BY Júlia Ledur
Published August 16, 2018
On Wednesday, Brazil’s Workers’ Party officially named former President Luiz Inácio Lula da Silva, who has been in jail since April, as its presidential candidate. Lula was sentenced to 12 years and one month of jail for money laundering and passive corruption charges. Surprisingly, even though Lula is currently arrested, he leads presidential polls of October’s elections with more than 30 percent support when included as a candidate. His support level is more than right-wing Jair Bolsonaro’s and centrist Marina Silva’s summed together. In fact, not only Brazilians are willing to vote for him, but they also approve his actions. Da Silva’s popularity is reflected in the Barômetro Político Estadão-Ipsos, a monthly poll that measures the approval rates of political personalities, published by the newspaper Estadão in partnership with the research institute Ipsos. In July 2018, his approval rate was 45%, whereas President Michel Temer’s was only 3%. Ever since Lula’s arrest, his approval rate has increased 3 percent and his disapproval rate has dropped 1 percent. A small increase in his approval rate is also notable after Dilma Rousseff’s impeachment in August 2016.
over the past two years
The former president's approval rate grew 16% in the last year
Why is Lula so popular?
Da Silva’s undeniably increasing popularity over the past two years raises the question: what makes him so popular? How do his approval and disapproval rates correlate to major political events that have taken place in Brazil? There is not a clear answer. But generally, when a right-wing politician was accused of wrongdoings, arrested or a major political crisis exploded under Temer’s government, Lula’s approval rates increased and disapproval rates declined. For instance, in September 2017, when one of Temer’s Ministry and Joesley Batista were arrested (the latter in a corruption scandal involving the President), Lula’s approval rate grew in 8 percent. However, the opposite is not a rule. In the majority of times when the Workers’ Party was involved in political scandals, the former President’s approval rates actually rose. After Rousseff’s impeachment, Lula saw a 2 percent increase in his approval rates. When Da Silva was accused of corruption charges as well as when he was sentenced to 9 years in prison and arrested, his popularity level also grew. The only times when his popularity rates shrunk while he was involved in political scandals were in May 2017, when he testified in a five-hour hearing with Federal judge Sérgio Moro, and in January 2018, when his sentence was increased to 12 years.
How major political events in Brazil
affected Lula's popularity
Lula's approval rate has increased significantly since he was sentenced to prison in August 2017
Lula’s popularity has been echoing in presidential polls. According to the most recent one, published by the research institute Datafolha, Lula has the highest support rate by far, 39 percent, followed by Jair Bolsonaro, with 19 percent. It is still uncertain if Lula’s candidacy will be blocked, although chances that he is vetoed of running are high. Hours after his application filing on Wednesday, the prosecutor general filed a petition to challenge Lula’s candidacy. Now, Brazil’s electoral court should decide on Lula’s political fate within the next three weeks. If he is barred from running, there are two possible scenarios: one where Fernando Haddad, former mayor of São Paulo and Lula’s vice presidential nominee, is named the party’s candidate, and another with no candidate from the Workers’ Party. What will happen depends directly on how fast Brazil’s electoral court (TSE) decides if Lula is eligible to run or not, since the deadline to name a new candidate is September 17.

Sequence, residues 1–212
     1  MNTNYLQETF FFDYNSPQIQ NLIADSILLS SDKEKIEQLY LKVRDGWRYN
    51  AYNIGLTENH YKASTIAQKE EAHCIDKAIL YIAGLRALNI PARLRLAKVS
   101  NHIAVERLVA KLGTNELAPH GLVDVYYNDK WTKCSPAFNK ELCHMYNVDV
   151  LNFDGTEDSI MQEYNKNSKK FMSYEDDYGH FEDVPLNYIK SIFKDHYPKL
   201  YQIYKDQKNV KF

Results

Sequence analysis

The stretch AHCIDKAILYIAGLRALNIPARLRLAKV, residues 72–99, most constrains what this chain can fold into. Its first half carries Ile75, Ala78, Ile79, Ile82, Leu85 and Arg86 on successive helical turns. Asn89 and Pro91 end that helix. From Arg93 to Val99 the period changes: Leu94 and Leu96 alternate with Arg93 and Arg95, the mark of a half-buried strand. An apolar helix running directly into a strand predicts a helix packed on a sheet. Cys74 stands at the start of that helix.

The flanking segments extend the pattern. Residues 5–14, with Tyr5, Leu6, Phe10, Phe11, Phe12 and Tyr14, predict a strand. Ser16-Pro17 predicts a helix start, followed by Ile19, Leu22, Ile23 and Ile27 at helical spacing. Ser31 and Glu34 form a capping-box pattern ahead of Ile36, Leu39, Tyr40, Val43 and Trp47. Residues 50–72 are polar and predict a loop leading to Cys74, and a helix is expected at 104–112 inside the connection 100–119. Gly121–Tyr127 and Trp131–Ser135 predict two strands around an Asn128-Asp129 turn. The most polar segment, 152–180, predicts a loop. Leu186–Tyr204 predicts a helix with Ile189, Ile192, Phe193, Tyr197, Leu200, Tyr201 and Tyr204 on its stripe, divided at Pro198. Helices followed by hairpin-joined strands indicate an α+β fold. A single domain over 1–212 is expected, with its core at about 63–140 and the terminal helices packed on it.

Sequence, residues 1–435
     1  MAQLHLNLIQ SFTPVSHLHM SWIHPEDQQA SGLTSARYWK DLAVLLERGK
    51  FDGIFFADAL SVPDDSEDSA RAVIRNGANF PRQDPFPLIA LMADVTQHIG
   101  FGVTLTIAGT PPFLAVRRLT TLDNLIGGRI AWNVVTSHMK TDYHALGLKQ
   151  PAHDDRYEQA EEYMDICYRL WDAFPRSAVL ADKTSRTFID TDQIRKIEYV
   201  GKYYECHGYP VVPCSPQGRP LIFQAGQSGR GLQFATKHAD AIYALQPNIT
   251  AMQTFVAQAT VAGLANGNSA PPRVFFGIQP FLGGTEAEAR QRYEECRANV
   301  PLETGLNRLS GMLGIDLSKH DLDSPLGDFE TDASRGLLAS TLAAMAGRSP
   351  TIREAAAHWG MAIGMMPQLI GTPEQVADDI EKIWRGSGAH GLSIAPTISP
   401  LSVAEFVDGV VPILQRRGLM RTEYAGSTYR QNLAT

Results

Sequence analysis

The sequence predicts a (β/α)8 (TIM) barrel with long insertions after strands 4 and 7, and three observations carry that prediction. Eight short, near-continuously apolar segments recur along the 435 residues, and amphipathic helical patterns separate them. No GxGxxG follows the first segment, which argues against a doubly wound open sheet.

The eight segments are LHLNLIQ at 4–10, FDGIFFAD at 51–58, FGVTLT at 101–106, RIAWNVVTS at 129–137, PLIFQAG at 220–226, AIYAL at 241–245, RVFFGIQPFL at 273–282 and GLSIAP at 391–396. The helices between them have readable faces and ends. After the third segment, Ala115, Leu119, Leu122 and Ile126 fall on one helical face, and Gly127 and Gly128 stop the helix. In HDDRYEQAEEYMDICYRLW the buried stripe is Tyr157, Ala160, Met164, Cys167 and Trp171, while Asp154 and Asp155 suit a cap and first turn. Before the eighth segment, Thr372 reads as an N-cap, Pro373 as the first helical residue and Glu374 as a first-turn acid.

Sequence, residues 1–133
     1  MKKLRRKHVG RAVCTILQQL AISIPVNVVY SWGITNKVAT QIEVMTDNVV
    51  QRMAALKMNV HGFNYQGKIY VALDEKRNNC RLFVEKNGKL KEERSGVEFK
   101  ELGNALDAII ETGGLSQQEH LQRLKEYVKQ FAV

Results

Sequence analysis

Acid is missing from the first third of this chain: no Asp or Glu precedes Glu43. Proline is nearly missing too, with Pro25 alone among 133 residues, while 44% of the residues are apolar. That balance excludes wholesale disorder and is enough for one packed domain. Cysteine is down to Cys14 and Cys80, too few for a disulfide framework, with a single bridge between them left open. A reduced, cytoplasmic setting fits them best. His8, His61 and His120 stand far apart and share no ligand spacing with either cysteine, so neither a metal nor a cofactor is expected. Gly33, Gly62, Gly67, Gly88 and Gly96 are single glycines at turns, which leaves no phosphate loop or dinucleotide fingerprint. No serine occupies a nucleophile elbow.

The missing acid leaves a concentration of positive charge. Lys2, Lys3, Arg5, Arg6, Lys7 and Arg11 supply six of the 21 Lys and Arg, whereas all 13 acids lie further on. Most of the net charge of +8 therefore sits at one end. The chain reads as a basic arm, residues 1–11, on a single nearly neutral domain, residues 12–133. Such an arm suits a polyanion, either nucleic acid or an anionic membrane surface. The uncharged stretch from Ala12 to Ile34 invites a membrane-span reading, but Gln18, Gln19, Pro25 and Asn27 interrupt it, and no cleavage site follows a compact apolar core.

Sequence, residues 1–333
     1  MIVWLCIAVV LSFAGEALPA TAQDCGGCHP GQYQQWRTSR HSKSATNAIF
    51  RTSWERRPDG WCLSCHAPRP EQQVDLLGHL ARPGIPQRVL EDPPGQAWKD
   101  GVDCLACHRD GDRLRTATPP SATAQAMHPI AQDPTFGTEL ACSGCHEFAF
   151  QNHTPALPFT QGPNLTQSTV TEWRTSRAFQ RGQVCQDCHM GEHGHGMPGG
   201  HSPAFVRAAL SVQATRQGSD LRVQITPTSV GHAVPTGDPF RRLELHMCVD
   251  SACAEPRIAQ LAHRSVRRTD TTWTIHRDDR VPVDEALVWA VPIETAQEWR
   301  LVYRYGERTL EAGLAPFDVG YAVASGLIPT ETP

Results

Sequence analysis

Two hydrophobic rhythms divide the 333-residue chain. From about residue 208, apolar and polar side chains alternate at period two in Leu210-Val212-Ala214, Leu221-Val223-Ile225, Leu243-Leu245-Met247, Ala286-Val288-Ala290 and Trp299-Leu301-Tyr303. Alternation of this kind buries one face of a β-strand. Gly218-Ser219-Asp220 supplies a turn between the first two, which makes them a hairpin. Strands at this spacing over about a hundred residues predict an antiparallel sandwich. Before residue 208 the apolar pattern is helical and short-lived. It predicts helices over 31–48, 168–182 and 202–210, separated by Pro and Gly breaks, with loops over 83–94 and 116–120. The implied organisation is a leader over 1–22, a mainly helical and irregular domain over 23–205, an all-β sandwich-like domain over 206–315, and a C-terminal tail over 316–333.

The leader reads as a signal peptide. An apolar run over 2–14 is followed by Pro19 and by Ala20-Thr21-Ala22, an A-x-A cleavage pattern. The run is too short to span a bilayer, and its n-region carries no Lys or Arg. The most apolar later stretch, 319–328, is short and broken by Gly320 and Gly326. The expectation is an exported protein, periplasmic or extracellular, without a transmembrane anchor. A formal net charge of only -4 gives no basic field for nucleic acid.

Presidential poll data from August
The poll shows two possible election scenarios, one of them with Lula as a candidate
What Lula says
Lula is prohibited to record videos or audio interviews from jail, so he has been communicating with his supporters through letters. Recently, one of them, entitled “There Is a Right-Wing Coup Underway in Brazil”, was published in the Opinion section of The New York Times. In the essay, he has denied wrongdoing and claimed to be a victim of government “right-wing forces.” “Millions of Brazilians understand that my jailing has nothing to do with corruption, and they understand that I am where I am merely for political reasons,” he wrote. “According to the Brazilian Constitution, the power comes from the people, who elect their representatives. So let the Brazilian people decide. I have faith that justice will prevail, but time is running against democracy”. Only time will tell if Lula’s words will be heard and what will be the effect of his fate on his popularity rates, once the intensity of the electoral period fades away.